Beneficial Ownership and AML, Sanctions and Anti-Corruption Compliance

beneficialSometimes compliance realities outpace enforcement and regulatory requirements. When it comes to FinCEN’s proposal to implement a beneficial ownership rule for financial institutions (see Here), global financial institutions do not need to worry about the outcome of the FinCEN regulations. Global financial institutions already have to know their (your) customer because of compliance obligations with sanctions and anti-corruption laws.

In the anti-corruption context, a financial institution may process transactions for a business customer, the ownership of which could include foreign government officials. Even if the foreign official has a small beneficial ownership, less than the 25 percent threshold as proposed by FinCEN, the account and the transactions may involve proceeds of corrupt conduct or other criminal activity.

In the face of this risk, global financial institutions need to identify all of the beneficial owners of the customer company. This is easier said than done when dealing with Chinese and Russian companies that are notoriously reluctant to disclose the true beneficial owners of a particular company, or have a complex, multi-layered ownership structure intended to “bury” the beneficial owner.

Corrupt foreign officials have tried to mask their ownership in bank accounts, business entities and numerous other assets. The Justice Department’s Kleptocracy Initiative is seeking to unmask and recover proceeds of bribery from corrupt foreign officials. It is a very difficult task and requires unique coordination among law enforcement agencies around the globe.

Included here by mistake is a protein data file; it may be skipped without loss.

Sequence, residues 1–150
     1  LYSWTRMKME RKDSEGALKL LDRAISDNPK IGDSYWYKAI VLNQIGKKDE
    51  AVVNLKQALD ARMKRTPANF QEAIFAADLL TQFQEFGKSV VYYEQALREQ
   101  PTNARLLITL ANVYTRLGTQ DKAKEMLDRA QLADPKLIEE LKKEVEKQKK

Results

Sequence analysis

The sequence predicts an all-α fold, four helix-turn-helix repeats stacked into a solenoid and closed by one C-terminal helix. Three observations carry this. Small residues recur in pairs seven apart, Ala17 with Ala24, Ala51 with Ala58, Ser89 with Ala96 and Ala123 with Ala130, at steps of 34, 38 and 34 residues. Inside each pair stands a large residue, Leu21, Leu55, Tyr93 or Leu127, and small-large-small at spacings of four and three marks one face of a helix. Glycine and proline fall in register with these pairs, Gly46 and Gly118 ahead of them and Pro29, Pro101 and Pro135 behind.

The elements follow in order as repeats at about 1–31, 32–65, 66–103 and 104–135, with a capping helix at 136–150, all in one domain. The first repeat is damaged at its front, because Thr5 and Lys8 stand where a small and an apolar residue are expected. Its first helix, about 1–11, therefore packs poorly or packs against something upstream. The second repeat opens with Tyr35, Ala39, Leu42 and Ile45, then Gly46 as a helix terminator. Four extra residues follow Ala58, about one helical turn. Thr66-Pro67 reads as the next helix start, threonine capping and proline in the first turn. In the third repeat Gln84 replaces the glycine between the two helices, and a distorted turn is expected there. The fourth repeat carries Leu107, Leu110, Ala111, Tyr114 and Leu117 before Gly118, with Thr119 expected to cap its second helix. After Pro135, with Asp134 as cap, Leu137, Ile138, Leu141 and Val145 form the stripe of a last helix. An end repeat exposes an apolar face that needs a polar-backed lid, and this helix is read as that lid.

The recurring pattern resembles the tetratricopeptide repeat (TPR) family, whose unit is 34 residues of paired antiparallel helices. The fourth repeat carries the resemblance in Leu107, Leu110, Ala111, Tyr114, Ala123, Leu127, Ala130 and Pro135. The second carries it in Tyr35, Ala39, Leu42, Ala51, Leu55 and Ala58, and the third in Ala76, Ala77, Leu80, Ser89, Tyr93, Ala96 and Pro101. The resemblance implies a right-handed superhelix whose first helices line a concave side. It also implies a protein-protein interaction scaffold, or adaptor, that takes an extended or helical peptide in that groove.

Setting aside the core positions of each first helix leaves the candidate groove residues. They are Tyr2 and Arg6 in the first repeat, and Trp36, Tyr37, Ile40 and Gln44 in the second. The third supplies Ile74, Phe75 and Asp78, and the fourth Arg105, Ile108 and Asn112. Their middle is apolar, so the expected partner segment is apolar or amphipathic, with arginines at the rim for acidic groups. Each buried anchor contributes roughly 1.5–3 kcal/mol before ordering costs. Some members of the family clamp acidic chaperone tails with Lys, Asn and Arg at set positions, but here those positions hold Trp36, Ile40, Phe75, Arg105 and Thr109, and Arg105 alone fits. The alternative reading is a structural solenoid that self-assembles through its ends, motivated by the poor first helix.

Aside from financial transactions involving corruption proceeds, recent enforcement actions surrounding sanctions violations have underscored the importance of knowing the identity of the business/customer with whom it is dealing.beneficial2

Last year, the Office of Foreign Asset Control revised its 50 percent rule for applying sanctions prohibitions against entities in which a Specially Designated National (SDN) has an ownership interest. The old policy prohibited transactions with entities in which a single SDN owned 50 percent or more. Under the new policy, transactions are prohibited with an entity in which a combination of SDNs owns 50 percent or more.

As a consequence, companies have to know the beneficial owners of a company to ensure that a combination of SDNs does not own 50 percent or more of the entity. The due diligence process has to drill down to the beneficial owners of a business/customer through the maze of multi-layered companies and affiliations, identify the beneficial owners and then check them against all sanction databases.

These legal requirements, while burdensome, are a good business practice. It is always important for a company to know with whom it is dealing. There are too many risks in today’s compliance environment for companies to ignore the risks of disguised business owners.

Banks and financial institutions are familiar with these requirements and are well versed in how to look behind businesses and identify the owners. Customer identification and due diligence procedures are entrenched. However, FinCEN is about to impose even greater requirements for verifying beneficial ownership.

beneficial3FinCEN’s proposal requires banks to dig down to owners who have 25 percent or more in an entity. While there is controversy surrounding the FinCEN proposal, banks and financial institutions need to focus on compliance realties and the obvious benefits of knowing with whom they are dealing.

Banks and financial institutions have had to expand their focus to include trade/sanctions and anti-corruption compliance. Knowing your customer has even more impact given the risks of hiring relatives of government officials, interactions with sovereign wealth funds, facilitating movement of illegal funds, correspondent banking relationships, and other global financial relationships and activities.

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